A new beginning
On Monday morning, August 6, 2007, my wife Kortney and I, along with our two boys, loaded up a U-Haul truck and prepared for the long drive across I-90 from Mansfield, OH to Quincy, MA. After serving on staff at a small independent Baptist church for seven years, we believed God had given us a vision for planting churches in the Boston area. We moved to a city where we knew no one and downsized from a 3,000-square-foot house to an 800-square-foot apartment for triple the price. We began meeting our neighbors, sharing our vision for a new church, and looking for a space to meet in.
After a year, we launched our public gatherings, and for the next three years, became a revolving door of 35-50 different people every week. After five years of working multiple jobs, opening our home nearly every night of the week for counseling, and hosting small group meetings and dinners, we finally started to see Life Community Church grow into a healthy, vibrant congregation. While it was certainly exciting to see our church grow, the reality was this: We were tired and lonely.
A turning point
While God had certainly been faithful, the church planting journey for us was hard and oftentimes discouraging. It was at this point that our team decided that we wanted to be a part of a network that we could be family with, that we could be on mission with. It was shortly after this turning point that I was introduced to a man named David Butler, the SEND City Missionary for Boston. We met at a Starbucks in Westwood, MA, and I expressed to him that we were interested in being a part of SEND Network. He welcomed us with open arms, and we have been a part of the SEND family ever since.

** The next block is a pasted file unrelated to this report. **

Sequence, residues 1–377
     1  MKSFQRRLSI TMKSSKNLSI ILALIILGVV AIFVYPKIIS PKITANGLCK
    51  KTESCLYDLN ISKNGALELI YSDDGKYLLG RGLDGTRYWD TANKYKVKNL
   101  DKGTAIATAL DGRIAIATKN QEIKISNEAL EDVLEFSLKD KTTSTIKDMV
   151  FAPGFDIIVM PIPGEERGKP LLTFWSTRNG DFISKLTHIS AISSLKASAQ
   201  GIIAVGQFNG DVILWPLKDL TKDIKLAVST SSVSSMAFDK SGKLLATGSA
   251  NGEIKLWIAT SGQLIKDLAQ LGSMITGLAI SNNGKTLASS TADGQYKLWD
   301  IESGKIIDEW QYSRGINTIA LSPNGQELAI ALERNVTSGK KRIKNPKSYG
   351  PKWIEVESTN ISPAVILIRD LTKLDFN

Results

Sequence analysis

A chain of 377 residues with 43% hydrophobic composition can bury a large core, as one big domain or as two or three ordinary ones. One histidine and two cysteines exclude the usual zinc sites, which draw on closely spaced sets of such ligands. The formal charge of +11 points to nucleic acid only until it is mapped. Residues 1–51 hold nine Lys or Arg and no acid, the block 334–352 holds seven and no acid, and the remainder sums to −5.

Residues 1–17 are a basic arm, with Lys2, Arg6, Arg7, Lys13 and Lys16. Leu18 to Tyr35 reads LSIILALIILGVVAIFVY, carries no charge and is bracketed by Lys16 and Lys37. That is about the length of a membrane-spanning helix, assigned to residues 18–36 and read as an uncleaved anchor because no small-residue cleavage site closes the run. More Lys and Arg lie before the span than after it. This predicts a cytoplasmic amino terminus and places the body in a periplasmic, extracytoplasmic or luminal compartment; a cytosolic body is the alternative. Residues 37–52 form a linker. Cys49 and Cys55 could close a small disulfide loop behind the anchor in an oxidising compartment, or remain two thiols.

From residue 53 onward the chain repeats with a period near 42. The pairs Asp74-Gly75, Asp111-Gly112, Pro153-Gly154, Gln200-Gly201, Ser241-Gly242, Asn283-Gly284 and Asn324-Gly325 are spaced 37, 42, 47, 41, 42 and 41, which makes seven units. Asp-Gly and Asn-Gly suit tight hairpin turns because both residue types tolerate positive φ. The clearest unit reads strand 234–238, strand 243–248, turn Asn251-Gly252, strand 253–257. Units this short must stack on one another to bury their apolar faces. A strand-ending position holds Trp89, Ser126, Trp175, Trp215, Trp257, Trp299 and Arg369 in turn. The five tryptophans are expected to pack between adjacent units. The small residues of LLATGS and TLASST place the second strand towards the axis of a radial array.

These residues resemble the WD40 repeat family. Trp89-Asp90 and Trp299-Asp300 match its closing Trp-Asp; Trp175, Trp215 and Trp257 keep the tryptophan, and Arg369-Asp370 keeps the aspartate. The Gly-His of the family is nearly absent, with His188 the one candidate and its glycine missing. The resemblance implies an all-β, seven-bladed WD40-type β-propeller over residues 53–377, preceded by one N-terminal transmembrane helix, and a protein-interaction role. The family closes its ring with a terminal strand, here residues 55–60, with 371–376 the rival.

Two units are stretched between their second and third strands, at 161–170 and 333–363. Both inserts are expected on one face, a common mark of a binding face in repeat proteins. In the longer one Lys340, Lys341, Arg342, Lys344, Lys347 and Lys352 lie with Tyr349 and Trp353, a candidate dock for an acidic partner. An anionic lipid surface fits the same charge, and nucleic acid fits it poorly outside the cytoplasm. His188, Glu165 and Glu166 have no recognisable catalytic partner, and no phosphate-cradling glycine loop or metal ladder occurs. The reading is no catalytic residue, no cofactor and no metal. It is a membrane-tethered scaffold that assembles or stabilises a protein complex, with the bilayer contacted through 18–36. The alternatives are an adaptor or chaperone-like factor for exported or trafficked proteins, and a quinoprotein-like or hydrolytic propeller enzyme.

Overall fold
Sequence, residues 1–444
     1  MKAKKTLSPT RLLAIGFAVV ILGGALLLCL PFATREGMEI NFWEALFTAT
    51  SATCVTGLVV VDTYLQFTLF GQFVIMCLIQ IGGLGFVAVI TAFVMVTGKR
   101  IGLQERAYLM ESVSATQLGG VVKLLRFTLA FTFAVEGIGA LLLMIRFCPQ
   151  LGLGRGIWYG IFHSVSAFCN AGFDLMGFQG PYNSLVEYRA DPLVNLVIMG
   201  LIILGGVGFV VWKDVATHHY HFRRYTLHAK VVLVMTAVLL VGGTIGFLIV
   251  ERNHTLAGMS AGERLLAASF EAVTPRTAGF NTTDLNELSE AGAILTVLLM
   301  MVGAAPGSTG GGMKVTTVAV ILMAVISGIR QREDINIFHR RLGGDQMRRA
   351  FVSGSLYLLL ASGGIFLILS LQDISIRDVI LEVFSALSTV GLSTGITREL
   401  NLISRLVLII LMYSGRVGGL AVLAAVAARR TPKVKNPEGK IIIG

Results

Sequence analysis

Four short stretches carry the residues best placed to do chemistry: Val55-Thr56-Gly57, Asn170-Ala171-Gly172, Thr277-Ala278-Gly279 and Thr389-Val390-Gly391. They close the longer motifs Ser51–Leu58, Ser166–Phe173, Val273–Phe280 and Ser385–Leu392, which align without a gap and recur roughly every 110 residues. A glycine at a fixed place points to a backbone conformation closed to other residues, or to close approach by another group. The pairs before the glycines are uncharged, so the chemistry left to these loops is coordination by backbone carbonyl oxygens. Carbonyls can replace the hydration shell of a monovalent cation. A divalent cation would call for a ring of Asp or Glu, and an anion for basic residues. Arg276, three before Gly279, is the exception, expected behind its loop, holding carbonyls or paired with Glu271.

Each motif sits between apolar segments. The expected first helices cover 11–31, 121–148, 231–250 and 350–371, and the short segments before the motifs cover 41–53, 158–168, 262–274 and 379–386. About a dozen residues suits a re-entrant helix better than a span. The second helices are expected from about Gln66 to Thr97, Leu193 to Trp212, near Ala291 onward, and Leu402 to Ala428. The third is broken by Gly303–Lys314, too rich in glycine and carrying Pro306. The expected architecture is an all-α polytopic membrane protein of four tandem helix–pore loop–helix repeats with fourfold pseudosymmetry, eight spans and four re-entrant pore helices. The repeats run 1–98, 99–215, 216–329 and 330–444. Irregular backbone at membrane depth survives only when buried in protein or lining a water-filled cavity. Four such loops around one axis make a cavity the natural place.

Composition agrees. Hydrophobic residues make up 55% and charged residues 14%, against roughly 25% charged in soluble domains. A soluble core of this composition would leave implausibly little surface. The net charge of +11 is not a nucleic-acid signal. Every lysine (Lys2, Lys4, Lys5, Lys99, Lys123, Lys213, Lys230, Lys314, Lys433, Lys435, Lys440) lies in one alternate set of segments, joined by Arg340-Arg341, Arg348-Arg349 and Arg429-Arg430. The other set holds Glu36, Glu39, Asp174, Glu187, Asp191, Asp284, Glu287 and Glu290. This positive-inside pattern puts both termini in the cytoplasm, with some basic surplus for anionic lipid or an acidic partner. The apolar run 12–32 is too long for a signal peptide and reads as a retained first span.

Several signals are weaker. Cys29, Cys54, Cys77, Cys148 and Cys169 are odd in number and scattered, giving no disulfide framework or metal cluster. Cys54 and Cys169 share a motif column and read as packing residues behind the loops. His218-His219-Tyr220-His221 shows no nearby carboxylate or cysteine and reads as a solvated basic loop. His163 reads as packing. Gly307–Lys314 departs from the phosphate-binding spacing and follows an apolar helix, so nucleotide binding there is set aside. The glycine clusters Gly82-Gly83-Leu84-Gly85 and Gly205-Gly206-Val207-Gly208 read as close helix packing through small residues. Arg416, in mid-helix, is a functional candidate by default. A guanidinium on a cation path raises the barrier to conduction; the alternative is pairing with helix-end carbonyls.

Today, my wife and I have five boys, Life Community is a growing family of congregations on Boston’s South Shore, and I now find myself in the role of City Missionary for Boston. This August will be 16 years since we loaded up that U-Haul, and I can honestly say that if it were not for SEND Network, we would not be where we are today. I’m convinced now, more than ever, that every church planter needs a network. While there are many reasons for this, I want to share my top three.